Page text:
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Pennsylvania State Representative District 102

Description of office: The General Assembly is the legislative branch of government in Pennsylvania. It is composed of two houses: the Senate is the upper house, and the House of Representatives is the lower house. A majority vote in both houses is necessary to pass a law. The PA House of Representatives consists of 203 members representing one district each, with an equal number of constituents. Representatives must be at least 21 years old, have been a citizen and a resident of the state four years and a resident of their respective districts one year before their election, and shall reside in their respective districts during their terms of service. The House develops budget packages, makes taxation decisions, allocates spending, and passes laws (including redistricting in collaboration with the Senate). The House also has the exclusive authority to impeach public officials. Representatives also serve on various policy committees that may propose legislation. Term: 2 years Salary: $106,422 Vote for ONE.

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    Russ Diamond

Biographical Information

What do you see as the most pressing issues facing Pennsylvanians, and how would you address them?

What changes would you support making to Pennsylvania’s voting laws to expand access, ensure security, and support local election officials and processes?

What legislation would you support to comply with the Commonwealth Court's ruling that Pennsylvania’s school funding system is unconstitutional and must be reformed?

What changes, if any, would you support making to Pennsylvania’s abortion laws?

County Lebanon
Occupation State Legislator/Business Owner
Education Northern Lebanon High School, 1981; Lebanon County Vo-Tech (Electronics), 1981
Qualifications I have served the people of the 102nd District since 2015. Prior to 2015, I was an award-winning citizen activist who successfully fought against the midnight pay raise of 2005. I am a life-long Lebanon Countian and have owned and operated a small audio/video production business here since 1992.
Campaign Website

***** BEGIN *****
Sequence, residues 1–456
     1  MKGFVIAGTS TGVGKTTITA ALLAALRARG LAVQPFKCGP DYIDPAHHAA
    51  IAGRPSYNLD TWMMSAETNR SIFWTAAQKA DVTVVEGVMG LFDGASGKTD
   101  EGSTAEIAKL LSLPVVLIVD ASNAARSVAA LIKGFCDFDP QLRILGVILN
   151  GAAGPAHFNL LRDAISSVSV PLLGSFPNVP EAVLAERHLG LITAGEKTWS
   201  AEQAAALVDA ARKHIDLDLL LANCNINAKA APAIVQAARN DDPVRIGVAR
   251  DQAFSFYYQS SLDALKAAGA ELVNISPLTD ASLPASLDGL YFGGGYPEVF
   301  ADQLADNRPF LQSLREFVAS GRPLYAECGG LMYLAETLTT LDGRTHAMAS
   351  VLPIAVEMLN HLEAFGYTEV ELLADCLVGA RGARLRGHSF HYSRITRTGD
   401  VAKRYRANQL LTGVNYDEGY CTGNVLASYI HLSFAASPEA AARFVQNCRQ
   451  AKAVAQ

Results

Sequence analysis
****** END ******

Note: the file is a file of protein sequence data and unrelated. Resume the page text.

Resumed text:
X Handle @russdiamond
Overdevelopment of fertile farmland, election security, and regulation of skill games.

To combat overdevelopment of our fertile farmland, we need to make redevelopment of urban areas where infrastructure already exists a priority. We passed HB1300 to ensure election security during the 2021-22 legislative session, but Tom Wolf vetoed it. As the Republican Chair of the House Gaming Oversight Committee I would love to tackle skill games, but because Democrats currently hold the House majority, I am powerless to convene a hearing on the issue.
House Bill 1300 not only provided positive election security measures, but also would have brought early in-person voting to Pennsylvania in 2025. We also passed a new law offering direct grants to counties to help fund election operations. Our two biggest problems with elections are 1) non-uniformity of election administration from county to county, and 2) a major issue with maintaining our voter rolls within the SURE (Statewide Uniform Registry of Electors) database. As the House Republican appointee to the Joint State Government Commission’s Election Law Advisory Board, I participate in many non-partisan efforts to bring new ideas to the table to improve our election processes. I remain in contact with my local Director of Elections.
As long as we are funding institutions and not students, Pennsylvania’s education funding model will likely never come close to providing equality of educational opportunity for all students. Institutions are fixed in place, while people can move around and make choices.

We must move in the direction of allowing the dollars to follow the student so the students’ parents can make an informed choice among available educational institutions.
I’m proud of my 100% pro-life voting record in Harrisburg, and I will continue to stand for the lives of the unborn. That said, any political conversation about abortion in Pennsylvania needs to recognize 1) that Pennsylvania law on abortion has not changed one iota since the US Supreme Court’s Dobbs decision, 2) that three generations of women have grown up considering abortion to be a federally-protected fundamental right, and 3) that under divided government in Pennsylvania, the legal needle on abortion is unlikely to move in either direction. I adamantly oppose the current Democrat proposal to release abortion clinics from being regulated as surgical centers, which would risk another Kermit Gosnell-like atrocity.